School and life achievement patterns for girls and women differ considerably from those of boys and men. When parents and teachers are sensitized to gender issues relative to achievement, they are better able to encourage life-long achievement for all. See Jane Win: The Rimm Report on How 1000 Girls Became Successful Women provides much research-based advice for raising girls, while Dr. Rimm’s clinical experience is the basis for her recommendations for boys.
Although career opportunities for women have gradually expanded, women are often unprepared to take advantage of those opportunities. Low self-esteem, a lack of mathematical skills, the tendency to avoid competition and risk taking, and the emotional and time conflicts related to pursuing a career while raising a family, all contribute to preventing women from selecting high-level careers. The successful women in See Jane Win provide role models for coping with these problems.
Boys have always been disadvantaged in school in that they have suffered more school-related behavior problems than girls. There are more boys with attention deficit disorders, more with learning disabilities, more who drop out of high school, and many more men than women in our jails. The suggestions given by Dr. Rimm will help parents and teachers decrease male problem behaviors and increase their access to emotionally rewarding behaviors and achievement.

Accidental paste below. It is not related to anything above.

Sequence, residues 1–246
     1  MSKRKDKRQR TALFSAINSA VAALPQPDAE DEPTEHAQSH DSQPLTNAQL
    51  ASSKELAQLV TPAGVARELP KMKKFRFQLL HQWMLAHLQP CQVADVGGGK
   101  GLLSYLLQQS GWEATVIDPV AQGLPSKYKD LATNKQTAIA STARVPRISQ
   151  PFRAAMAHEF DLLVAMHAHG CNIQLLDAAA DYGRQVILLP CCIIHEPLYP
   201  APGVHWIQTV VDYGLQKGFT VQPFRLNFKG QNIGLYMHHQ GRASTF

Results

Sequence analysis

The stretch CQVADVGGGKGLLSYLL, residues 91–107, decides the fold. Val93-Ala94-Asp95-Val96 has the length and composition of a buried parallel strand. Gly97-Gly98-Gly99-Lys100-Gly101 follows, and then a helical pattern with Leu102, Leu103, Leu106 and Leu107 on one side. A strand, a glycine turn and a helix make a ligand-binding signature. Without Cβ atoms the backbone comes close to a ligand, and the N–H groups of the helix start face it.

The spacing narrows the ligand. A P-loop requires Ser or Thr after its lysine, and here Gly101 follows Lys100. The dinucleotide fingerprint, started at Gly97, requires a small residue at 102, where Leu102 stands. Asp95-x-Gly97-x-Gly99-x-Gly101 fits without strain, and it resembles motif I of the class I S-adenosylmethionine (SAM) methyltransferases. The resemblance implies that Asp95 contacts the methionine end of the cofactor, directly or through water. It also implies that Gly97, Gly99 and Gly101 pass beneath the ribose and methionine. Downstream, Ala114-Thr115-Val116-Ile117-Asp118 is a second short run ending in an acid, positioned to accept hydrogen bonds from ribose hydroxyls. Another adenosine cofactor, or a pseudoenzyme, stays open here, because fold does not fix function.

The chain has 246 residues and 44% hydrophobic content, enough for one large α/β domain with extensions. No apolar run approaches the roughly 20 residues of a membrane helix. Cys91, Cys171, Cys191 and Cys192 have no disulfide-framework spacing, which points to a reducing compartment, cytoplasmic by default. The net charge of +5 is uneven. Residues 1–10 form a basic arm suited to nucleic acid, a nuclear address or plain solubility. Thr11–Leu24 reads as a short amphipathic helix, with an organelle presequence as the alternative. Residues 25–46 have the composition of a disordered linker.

Related materials include the books, See Jane Win, How Jane Won, See Jane Win for Girls, Why Bright Kids Underachieve, How to Parent so Children Will Learn, and the companion audio set for How to Parent so Children Will Learn.
Also visit the Underachievement Quiz, the Underachievement Identification Instruments, and the Parenting Articles Raising Amazing Boys,Teaching Girls Resilience,The Pressures Bright Children Feel, and Solving the Mysterious Underachievement Problem.